What was the Berlin Airlift, and why did it happen?
The Berlin Airlift happened in 1949. It was a time when the American and British air forces supplied the city of West Berlin with everything it needed to survive -- everything from food to coal. It all had to be flown in.
The reason it happened is that the Russians had cut off access from the Allied zones of occupation in West Germany to West Berlin, which was in the Russian zone (what became East Germany). So the Allies had to either surrender West Berlin or they had to supply it by air.
The Berlin Airlift refers to the massive program of airlifting supplies of essential goods to West Berliners undertaken from June 1948 to September 1949. This program was undertaken when the Soviet Union blocked all rail, water, and road routes through the Soviet zone to the Western sectors of Berlin. After the World War II, Eastern Part of Berlin was controlled by USSR, while the rest was under control of USA, UK and France. Entire Berlin was located within the East German territory controlled by USSR. It was expected that USSR will permit free access to West Berlin to others. However, in June 1948, they blocked all rail, water, and road routes through East Germany to the Western sectors of Berlin, hoping to drive Western troops out of Berlin. The Berlin Airlift was organized to break this blockade.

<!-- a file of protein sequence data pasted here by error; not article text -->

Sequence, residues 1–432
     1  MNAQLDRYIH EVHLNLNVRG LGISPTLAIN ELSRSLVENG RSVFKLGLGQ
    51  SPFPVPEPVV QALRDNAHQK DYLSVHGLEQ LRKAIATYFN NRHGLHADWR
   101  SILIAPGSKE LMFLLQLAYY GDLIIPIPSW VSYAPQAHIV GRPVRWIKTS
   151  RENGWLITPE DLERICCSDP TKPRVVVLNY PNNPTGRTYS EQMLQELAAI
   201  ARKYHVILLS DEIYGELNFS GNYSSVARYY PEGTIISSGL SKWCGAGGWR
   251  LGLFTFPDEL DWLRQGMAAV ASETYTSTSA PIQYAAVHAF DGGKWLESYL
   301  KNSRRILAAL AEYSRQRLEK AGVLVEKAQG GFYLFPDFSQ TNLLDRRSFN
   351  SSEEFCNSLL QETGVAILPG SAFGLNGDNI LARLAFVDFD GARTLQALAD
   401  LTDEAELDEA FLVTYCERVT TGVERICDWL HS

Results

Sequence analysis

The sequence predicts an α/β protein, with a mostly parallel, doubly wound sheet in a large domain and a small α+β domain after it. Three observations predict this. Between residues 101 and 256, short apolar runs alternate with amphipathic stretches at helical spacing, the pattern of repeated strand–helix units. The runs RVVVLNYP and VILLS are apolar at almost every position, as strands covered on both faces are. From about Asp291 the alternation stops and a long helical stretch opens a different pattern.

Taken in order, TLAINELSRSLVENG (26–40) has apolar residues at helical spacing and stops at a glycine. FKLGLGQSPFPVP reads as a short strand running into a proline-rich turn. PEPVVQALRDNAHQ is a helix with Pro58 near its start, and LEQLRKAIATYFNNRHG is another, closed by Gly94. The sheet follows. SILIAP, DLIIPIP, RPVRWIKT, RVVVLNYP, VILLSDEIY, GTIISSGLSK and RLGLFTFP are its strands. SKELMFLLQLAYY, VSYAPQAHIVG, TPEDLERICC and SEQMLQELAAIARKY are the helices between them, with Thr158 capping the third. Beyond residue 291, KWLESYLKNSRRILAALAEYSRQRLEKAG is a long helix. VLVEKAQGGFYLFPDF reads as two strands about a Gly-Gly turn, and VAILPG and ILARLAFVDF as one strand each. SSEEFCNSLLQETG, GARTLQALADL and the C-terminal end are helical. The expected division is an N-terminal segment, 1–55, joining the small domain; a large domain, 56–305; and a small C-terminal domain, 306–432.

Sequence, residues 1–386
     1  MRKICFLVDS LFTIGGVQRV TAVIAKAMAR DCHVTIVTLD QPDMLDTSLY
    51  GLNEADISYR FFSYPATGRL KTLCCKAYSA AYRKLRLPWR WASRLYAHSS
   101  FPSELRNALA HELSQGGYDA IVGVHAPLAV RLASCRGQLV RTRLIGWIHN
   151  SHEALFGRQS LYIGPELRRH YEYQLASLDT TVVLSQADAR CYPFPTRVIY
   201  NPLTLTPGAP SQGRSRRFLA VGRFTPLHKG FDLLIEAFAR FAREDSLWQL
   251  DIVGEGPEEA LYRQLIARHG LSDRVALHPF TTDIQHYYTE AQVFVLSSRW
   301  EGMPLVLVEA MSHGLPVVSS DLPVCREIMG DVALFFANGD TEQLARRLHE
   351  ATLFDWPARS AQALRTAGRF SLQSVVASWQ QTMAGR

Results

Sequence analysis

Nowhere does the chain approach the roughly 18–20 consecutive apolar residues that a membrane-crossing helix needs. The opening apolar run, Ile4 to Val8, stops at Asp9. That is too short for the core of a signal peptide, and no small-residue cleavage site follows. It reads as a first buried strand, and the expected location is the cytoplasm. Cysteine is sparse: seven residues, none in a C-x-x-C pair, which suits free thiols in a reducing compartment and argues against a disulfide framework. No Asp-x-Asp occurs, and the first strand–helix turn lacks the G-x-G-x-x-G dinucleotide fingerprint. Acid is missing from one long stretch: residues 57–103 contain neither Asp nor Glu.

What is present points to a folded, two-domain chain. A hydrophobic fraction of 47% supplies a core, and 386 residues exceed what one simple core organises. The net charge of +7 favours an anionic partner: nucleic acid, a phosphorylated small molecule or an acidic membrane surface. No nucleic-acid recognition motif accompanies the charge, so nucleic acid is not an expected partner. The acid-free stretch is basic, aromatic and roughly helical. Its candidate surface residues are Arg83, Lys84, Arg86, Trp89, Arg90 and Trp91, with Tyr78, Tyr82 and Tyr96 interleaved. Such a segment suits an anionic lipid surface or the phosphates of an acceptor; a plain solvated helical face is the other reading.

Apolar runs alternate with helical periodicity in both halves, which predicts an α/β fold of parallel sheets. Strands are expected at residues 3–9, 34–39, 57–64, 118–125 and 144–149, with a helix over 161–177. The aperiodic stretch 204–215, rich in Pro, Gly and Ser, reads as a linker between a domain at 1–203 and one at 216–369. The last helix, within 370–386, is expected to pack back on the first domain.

At the height of Berlin Airlift project planes landed in West Berlin at the rate of one every one to two minutes. As a result USSR ended the blockade in May 1949, and the airlift stopped in September 1949.